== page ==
Finding the right tomato isn’t as easy as it looks, or growing your own is easily as difficult. At one time, I was growing 45+ varieties of tomatoes in my greenhouse but finally gave up after discovering the difficulty in growing fruits under windy and very hot conditions.
In California where it never gets too hot, growers water tomatoes for the first week or two after transplanting, then never water again. In hotter areas, growers might water only until the plants flower, and then either cut off water entirely or provide much less than normal. The flavor of dry-farmed tomatoes is very good but certainly not perfect.
Israeli and Italian growers discovered that by using brackish water to irrigate tomatoes tasted better. Chemical analysis showed that percentage of dry weight, total soluble solids, sugars, and acidity was in the rght proportions vis-à-vis taste. These factors all contribute to better tasting tomato flavor and umami.
The most frequently heard advice about rotating crops is that you should never grow Solanaceae family crops (tomatoes) in the same place two years in a row because of the threat of soil borne diseases overwintering in soil and affecting future crops. In fact, most authorities recommend four years between solanaceous crops.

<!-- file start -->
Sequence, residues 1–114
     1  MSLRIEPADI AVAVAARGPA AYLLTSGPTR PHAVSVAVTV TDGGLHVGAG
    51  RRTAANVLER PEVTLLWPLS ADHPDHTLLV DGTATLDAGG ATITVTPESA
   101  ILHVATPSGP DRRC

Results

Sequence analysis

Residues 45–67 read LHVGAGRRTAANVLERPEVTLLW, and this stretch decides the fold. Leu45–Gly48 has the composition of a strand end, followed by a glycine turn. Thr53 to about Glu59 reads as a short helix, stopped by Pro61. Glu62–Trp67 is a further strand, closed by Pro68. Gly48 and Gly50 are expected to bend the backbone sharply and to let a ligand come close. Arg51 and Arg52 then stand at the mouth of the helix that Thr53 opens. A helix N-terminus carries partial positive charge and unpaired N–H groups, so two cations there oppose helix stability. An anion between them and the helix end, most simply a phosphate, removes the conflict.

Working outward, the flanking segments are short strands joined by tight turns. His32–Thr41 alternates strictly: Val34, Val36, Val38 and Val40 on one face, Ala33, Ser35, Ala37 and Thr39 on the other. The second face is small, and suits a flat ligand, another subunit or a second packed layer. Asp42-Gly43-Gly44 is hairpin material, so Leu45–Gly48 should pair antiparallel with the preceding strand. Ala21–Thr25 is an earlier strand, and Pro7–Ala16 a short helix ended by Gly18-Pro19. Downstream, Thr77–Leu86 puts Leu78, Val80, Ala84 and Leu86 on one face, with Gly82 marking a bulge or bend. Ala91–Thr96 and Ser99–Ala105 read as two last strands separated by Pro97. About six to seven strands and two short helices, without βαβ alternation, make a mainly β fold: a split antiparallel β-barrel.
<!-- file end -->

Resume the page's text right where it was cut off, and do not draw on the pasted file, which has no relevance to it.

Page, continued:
The challenge of growing tomatoes is finding the right environment and feeding them accordingly. The secret may be brackish water, a trick that can actually sweetens the fruits but it takes plenty of passion to get a fruit that is outstanding.
If you visit Mykonos you can visit the port and try the local tomatoes, or even pass by Nicolas Taverna in Paranga and enjoy their homegrown vegetables when in season. But if you want the very best seasonal tomatoes, you’ll need to buy a ticket and go to ToThalassaki in Tinos.